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Labor Day

Labor Day in the United States is a public holiday celebrated on the first Monday in September. It honors the American labor movement and the contributions that workers have made to the strength, prosperity, laws and well-being of the country. It is the Monday of the long weekend known as Labor Day Weekend and it is considered the unofficial end of summer in the United States. It is recognized as a federal holiday.

Beginning in the late 19th century, as the trade union and labor movements grew, trade unionists proposed that a day be set aside to celebrate labor. “Labor Day” was promoted by the Central Labor Union and the Knights of Labor, which organized the first parade in New York City. In 1887, Oregon was the first state of the United States to make it an official public holiday. By the time it became an official federal holiday in 1894, thirty states in the United States officially celebrated Labor Day.

Canada’s Labour Day is also celebrated on the first Monday of September. More than 80 countries celebrate International Workers’ Day on May 1 – the ancient European holiday of May Day – and several countries have chosen their own dates for Labour Day.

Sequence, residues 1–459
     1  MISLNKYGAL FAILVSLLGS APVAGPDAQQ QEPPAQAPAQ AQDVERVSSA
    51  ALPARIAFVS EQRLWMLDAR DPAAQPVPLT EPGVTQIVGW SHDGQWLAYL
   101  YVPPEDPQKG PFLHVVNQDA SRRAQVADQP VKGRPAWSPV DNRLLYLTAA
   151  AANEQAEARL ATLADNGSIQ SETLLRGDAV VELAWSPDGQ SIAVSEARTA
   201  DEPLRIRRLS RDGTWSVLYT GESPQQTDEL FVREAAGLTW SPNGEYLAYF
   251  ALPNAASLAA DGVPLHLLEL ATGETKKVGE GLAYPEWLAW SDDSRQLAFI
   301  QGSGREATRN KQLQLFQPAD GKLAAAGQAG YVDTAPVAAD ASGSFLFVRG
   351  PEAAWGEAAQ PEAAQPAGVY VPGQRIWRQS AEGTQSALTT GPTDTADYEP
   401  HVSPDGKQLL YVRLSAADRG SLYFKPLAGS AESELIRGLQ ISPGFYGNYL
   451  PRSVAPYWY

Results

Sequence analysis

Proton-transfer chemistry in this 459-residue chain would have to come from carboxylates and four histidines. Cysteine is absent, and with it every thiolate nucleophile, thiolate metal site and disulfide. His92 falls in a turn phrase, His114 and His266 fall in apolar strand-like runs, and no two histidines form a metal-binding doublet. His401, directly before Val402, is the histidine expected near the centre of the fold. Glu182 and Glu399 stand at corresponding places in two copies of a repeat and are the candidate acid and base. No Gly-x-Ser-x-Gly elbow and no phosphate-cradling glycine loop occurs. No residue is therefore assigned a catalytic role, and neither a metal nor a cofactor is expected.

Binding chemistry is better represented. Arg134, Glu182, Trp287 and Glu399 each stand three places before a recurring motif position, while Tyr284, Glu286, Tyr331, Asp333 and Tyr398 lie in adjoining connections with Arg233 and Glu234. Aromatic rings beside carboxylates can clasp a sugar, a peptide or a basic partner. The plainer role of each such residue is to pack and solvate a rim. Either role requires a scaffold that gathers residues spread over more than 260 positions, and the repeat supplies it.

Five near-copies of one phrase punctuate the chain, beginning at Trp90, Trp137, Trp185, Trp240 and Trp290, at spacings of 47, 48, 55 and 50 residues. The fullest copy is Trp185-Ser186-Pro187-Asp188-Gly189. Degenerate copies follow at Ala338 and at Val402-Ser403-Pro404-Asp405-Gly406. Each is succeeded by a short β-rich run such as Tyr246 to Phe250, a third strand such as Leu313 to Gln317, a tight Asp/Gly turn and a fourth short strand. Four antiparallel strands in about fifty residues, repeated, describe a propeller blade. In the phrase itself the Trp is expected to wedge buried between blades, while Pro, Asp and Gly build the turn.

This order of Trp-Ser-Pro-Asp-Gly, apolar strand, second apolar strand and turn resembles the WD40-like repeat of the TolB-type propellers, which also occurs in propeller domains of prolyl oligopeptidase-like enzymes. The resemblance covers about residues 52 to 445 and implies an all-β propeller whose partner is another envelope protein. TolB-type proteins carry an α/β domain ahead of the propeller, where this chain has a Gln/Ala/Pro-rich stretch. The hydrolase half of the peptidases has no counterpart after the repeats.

History

Beginning in the late 19th century, as the trade union and labor movements grew, different groups of trade unionists chose a variety of days on which to celebrate labor. In the United States, a September holiday called Labor Day was first proposed in the early 1880s. Alternate stories of the event’s origination exist.

According to one early history of Labor Day, the event originated in connection with a General Assembly of the Knights of Labor convened in New York City in September 1882. In connection with this clandestine Knights assembly, a public parade of various labor organizations was held on September 5 under the auspices of the Central Labor Union (CLU) of New York. Secretary of the CLU Matthew Maguire is credited for first proposing that a national Labor Day holiday subsequently be held on the first Monday of each September in the aftermath of this successful public demonstration.

(source: Wikipedia, Time and Data AS)

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